If performance is on your agenda and you want a shoe that will work as an everyday workhorse, then this is worth a thought. We've always favoured these as a fast paced workout type of shoe, not least because of the fit and, of course, the weight, although interestingly opinion does vary on that one. For some of us, it feels a little bulky while for others such is the cushioning, it feels like a nice long run-type of shoe. The 3D technology is the name of the game when it comes to that great fit and feeling and the double jacquard knit upper with 3D print overlays allows your foot to move as it should at pace but with suitable support. Yes, there are lighter, faster shoes around, but this will really do the job everyday of the week and won't feel out of place on the start line of your local ParkRun or 10km.
The Ultraboost 20 features some pretty amazing tech, not least Tailored Fibre Placement which will ensure your foot gets the support it needs in exactly the right places. Long established as a premium performer, this is a great combination of light weight, control, cushioning and great looks. But above all the biggest thing to love about these shoes is they are made from upcycled plastic rubbish collected from remote islands, beaches and coastlines. The Primeknit upper wraps around your foot for a superb fit, while that boost system certainly has the power to deliver in that department. Agreed, they won't actually run for you, but they get pretty close. Our test team without exception always turned to these for faster paced road runs - around 10km and less. Perfect.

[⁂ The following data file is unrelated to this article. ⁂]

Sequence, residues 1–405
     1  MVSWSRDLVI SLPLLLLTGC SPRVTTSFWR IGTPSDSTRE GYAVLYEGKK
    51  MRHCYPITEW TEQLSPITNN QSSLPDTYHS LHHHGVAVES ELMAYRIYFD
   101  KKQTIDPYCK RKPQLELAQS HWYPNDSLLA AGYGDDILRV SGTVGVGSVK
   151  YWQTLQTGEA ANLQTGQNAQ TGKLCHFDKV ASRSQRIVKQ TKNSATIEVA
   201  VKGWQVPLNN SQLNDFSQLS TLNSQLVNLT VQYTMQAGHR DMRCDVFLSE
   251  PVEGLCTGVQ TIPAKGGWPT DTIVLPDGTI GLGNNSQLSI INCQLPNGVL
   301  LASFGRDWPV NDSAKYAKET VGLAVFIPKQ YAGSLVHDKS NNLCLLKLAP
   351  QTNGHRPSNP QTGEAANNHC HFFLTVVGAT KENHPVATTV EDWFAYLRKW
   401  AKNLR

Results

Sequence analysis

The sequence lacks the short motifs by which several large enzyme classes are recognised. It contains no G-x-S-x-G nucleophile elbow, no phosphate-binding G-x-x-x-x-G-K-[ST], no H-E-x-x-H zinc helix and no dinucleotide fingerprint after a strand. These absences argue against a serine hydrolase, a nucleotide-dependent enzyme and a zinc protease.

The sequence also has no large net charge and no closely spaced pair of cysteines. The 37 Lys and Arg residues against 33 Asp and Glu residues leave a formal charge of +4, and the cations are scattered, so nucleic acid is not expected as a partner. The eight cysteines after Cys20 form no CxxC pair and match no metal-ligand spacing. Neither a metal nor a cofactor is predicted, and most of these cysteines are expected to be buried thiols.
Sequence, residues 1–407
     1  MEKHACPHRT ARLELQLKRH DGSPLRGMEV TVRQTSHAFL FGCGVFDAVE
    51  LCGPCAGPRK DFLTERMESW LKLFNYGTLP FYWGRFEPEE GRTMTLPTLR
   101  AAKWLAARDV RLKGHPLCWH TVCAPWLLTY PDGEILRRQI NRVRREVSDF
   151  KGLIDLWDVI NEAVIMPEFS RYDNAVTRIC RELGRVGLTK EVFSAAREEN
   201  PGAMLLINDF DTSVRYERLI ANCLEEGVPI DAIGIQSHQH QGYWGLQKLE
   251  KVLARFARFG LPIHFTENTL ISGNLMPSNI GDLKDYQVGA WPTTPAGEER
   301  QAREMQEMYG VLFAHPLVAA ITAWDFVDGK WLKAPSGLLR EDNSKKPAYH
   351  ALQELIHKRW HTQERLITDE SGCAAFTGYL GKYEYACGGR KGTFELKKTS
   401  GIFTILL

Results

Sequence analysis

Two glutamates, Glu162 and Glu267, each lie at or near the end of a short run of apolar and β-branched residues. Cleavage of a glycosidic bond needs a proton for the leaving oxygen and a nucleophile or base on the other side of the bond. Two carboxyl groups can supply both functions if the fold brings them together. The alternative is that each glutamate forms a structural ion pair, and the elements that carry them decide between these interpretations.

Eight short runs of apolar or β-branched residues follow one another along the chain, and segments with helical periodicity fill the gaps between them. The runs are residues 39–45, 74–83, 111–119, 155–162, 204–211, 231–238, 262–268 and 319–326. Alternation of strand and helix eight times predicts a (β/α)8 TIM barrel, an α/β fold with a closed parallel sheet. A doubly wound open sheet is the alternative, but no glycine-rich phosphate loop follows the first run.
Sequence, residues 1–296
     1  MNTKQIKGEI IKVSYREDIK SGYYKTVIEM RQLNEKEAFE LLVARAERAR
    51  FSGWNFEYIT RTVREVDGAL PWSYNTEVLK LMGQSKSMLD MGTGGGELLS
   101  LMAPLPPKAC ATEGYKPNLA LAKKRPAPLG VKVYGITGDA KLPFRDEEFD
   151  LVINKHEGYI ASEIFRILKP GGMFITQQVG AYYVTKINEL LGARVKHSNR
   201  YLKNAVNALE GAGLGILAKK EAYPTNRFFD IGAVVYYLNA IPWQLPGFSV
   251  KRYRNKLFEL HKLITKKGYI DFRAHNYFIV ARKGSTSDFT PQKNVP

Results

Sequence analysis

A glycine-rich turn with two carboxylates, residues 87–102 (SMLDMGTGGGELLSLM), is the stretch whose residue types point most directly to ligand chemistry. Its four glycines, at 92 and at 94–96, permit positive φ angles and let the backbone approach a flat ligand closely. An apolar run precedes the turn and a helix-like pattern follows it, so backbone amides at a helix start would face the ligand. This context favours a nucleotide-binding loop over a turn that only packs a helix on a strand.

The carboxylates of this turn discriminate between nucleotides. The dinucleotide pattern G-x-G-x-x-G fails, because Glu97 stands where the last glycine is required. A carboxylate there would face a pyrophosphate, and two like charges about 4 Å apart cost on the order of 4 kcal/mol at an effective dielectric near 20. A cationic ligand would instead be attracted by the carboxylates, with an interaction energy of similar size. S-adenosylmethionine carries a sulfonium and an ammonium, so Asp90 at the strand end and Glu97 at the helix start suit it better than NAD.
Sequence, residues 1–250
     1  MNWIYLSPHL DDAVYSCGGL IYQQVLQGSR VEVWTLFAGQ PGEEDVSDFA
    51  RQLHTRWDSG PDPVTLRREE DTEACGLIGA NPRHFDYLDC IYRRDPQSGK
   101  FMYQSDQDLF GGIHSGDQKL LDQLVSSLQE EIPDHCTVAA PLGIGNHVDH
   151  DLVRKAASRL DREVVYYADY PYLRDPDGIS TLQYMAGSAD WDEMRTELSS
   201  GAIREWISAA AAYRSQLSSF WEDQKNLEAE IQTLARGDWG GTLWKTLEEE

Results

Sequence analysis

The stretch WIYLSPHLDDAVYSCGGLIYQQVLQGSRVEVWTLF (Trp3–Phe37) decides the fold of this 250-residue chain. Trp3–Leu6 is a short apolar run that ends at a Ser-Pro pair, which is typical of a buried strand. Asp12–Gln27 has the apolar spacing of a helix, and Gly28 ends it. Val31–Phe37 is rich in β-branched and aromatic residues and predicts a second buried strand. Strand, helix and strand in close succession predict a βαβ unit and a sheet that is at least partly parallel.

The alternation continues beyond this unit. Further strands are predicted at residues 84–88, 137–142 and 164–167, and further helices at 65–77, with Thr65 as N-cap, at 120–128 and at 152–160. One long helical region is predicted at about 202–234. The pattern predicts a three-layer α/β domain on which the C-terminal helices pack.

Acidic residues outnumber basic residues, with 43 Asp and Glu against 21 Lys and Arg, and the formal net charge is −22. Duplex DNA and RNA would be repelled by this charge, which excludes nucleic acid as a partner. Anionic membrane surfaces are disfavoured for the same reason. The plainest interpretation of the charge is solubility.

There's a buzz going around the running world currently with everyone talking about the % range Nike has created. Cutting to the chase, they're shoes designed to get you running faster, and given there was a sub two hour marathon run in the them, they appear to be doing just that. Of course, there's a price to pay for results like that, they're not for everyone. Indeed, such is their lightweight build, you probably will be paying a hefty amount per mile to run in them as they won't last too much longer than 200 miles. Plus, they are actually quite difficult to get used to. In a test session, one of our crew actually kicked them off and preferred to run on the track barefoot. With that in mind, we've opted for the best of both worlds and gone for the Nike Joyride Run Flyknit instead. It's not a compromise when it comes to performance; indeed there's plenty of tech in this soft-feeling shoe thanks to Nike's beads technology which uses the air trapped between them to cushion your stride. A key factor with this shoe is the Flyknit upper which cradles your foot beautifully.